November 23, 2006

A friend of mine's pet bear

Ben Zimmer, following up on the first of my recent postings on possessives in English, writes about the phrase in the header, which comes from the 11/22/06 "Mark Trail" cartoon, as critiqued on the Comics Curmudgeon site.  A poster on that site refers to "the semantic nightmare of a sentence coming out Mark's mouth in panel three": "You stole a friend of mine's pet bear!"

Actually, I can't see anything to object to in this sentence, unless you object in general to possessives of NPs (like a friend of mine) that don't end in their head nouns, though these have been around for centuries and are not hard to find in real life.

To see how we get to a friend of mine's pet bear I'll have to describe with some care how the determinative possessives of English NPs work.  The details are important.

There are two special cases and then one very big generalization.

Special case 1: (definite) personal pronouns.  If the NP is one of six (definite) "personal pronouns" (note: this is a technical term) -- 1sg (nominative I), 2 (nominative you), 3sg fem (nominative she), 3sg masc (nominative he), 1pl (nominative we), 3pl (nominative they) -- its determinative possessive form is suppletive, not a simple concatenation of morphemes: respectively, my, your, her, his, our, their.

There are several other items usually labeled as possessives which go by the big generalization, rather than having their possessives stipulated, for instance:

generic one: One should never count one's chickens before they're hatched.

anaphoric indefinite one: The big cat's tail is shorter than the small one's.

compound indefinite pronouns: We're collecting everybody's opinions.

Special case 2: NPs without a possessive.

There are several classes of NPs that simply lack a possessive.  (Geoff Pullum and I talked about a number of these in a 1996 LSA paper, the handout for which is available on my website.)  Some are single words:

expletive there: *There's being no food in the refrigerator upsets me.

headless modifiers: demonstratives: This cat's tail is short. *That's is long.

headless modifiers: quantifiers: We interviewed many subjects.  *We took down each's opinion.

headless modifiers: independent possessives: Your cat's tail is short. *Mine's is long.

(Notice that in the last case we end up with unacceptable mine's.)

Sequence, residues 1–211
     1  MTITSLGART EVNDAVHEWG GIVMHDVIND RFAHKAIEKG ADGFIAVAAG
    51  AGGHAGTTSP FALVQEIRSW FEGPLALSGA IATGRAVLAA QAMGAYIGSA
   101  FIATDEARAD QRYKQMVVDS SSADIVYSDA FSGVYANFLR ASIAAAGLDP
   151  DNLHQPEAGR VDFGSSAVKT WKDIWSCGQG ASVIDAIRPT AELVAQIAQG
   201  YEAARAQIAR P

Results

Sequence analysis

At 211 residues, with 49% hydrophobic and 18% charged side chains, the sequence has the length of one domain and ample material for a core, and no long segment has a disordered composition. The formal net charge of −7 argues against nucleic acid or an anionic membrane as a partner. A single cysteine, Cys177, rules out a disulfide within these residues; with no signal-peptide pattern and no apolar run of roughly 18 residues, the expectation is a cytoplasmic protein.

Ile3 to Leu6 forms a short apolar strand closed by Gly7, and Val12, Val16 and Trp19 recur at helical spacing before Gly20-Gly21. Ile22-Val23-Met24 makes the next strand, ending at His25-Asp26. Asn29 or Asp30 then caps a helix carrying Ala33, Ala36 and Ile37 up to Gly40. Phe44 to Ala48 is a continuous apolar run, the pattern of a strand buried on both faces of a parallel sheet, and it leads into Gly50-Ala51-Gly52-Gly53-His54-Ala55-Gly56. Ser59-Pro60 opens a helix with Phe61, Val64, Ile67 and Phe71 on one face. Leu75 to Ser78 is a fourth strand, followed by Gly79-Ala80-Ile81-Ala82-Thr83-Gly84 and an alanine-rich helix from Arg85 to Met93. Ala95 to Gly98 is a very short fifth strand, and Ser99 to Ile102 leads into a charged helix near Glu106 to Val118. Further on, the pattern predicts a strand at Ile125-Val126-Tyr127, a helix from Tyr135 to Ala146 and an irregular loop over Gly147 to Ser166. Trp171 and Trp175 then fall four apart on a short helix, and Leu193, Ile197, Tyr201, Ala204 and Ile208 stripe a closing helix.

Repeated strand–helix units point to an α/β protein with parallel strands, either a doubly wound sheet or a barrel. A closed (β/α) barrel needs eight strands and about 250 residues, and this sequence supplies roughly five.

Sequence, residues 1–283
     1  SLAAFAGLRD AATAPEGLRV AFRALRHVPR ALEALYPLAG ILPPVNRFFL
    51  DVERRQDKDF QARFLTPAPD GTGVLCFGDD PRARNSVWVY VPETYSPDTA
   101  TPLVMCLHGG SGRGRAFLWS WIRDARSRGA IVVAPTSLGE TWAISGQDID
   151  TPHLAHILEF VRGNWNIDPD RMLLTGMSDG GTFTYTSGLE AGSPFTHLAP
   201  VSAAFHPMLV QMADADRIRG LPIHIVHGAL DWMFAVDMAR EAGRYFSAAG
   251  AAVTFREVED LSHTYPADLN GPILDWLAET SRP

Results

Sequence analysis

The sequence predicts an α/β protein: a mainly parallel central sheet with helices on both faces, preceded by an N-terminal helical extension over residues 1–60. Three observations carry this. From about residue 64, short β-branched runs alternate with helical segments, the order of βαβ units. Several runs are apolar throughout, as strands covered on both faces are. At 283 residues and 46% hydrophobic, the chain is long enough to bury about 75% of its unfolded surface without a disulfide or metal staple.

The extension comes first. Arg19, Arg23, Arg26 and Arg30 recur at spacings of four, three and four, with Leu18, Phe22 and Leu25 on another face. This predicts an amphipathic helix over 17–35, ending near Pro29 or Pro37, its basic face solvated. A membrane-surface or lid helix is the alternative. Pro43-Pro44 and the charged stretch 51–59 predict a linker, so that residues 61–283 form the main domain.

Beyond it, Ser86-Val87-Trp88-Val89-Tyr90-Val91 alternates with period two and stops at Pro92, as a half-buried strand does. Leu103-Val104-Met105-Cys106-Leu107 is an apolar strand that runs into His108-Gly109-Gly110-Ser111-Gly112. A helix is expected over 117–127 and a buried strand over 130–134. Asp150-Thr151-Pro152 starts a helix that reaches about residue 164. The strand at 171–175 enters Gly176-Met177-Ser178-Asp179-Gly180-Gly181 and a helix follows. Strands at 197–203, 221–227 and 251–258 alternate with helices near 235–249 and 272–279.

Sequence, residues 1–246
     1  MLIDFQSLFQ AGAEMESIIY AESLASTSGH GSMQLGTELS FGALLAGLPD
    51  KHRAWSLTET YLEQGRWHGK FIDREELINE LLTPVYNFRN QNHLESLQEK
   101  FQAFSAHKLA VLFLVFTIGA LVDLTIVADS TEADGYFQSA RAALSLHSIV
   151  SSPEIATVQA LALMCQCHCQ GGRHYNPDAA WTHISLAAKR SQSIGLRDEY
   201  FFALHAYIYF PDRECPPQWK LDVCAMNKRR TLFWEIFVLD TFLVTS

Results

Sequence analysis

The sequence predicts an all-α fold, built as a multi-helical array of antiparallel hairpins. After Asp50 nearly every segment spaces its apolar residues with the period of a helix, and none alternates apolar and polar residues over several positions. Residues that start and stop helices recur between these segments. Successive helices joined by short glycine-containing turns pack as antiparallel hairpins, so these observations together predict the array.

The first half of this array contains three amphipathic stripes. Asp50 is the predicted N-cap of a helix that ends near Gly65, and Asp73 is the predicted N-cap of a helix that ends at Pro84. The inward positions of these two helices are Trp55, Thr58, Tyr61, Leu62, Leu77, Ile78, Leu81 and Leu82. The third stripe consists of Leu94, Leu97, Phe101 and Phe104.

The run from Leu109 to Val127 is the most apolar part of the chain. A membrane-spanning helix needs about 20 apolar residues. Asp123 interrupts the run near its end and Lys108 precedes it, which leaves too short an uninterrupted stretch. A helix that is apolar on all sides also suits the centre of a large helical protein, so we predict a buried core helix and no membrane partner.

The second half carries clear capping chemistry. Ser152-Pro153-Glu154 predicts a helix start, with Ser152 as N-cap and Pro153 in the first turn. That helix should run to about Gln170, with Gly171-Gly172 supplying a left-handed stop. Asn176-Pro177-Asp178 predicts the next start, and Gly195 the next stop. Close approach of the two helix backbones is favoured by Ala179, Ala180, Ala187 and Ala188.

and some are longer phrases --

"nominal gerunds" (possessive + gerund): Your walking me home really pleases me. *Your walking me home's really pleasing me is a surprise to everyone.

infinitival clauses: For you to walk me home really pleases me. *For you to walk me home's really pleasing me is a surprise to everyone.

(These lists are merely illustrative, not exhaustive.)

The big generalization: Z
.  Otherwise, the possessive form of a NP x has a Z suffix on the last word w of x

I've said this with some care.  In particular, I did NOT say that the possessive form of x uses the possessive form of its last word w, since that wouldn't provide possessives for NPs that end in words that are not nouns (like the friend I was telling you about or everyone I know), since such words of course do not have possessive forms.

And now we make a prediction about the determinative possessive corresponding to the pet bear of a friend of mine (using an alternative expression of possession which has the preposition of): it should just follow the big generalization: a friend of mine's pet bear, with Z suffixed to the last word, mine, of the possessor phrase a friend of mine.  That's where we started.

Just to wrap up this description, here's how Z is realized:

Realization of Z.  The possessive Z is suppressed if w itself ends in a Z suffix (the birds' wings).  Otherwise, possessive Z has the same phonology as plural Z and 3sg present Z:

the basic variant is z (bird's, Chicago's);

for a word ending in a sibilant, epenthesize schwa between it and the z (Max's, judge's);

otherwise, for a word ending in a voiceless consonant, devoice the z (cat's, Rick's).

The careful reader will have noticed that I haven't said anything about the personal pronoun it.  I'm saving that for a future posting.

zwicky at-sign csli period stanford period edu Posted by Arnold Zwicky at November 23, 2006 09:11 PM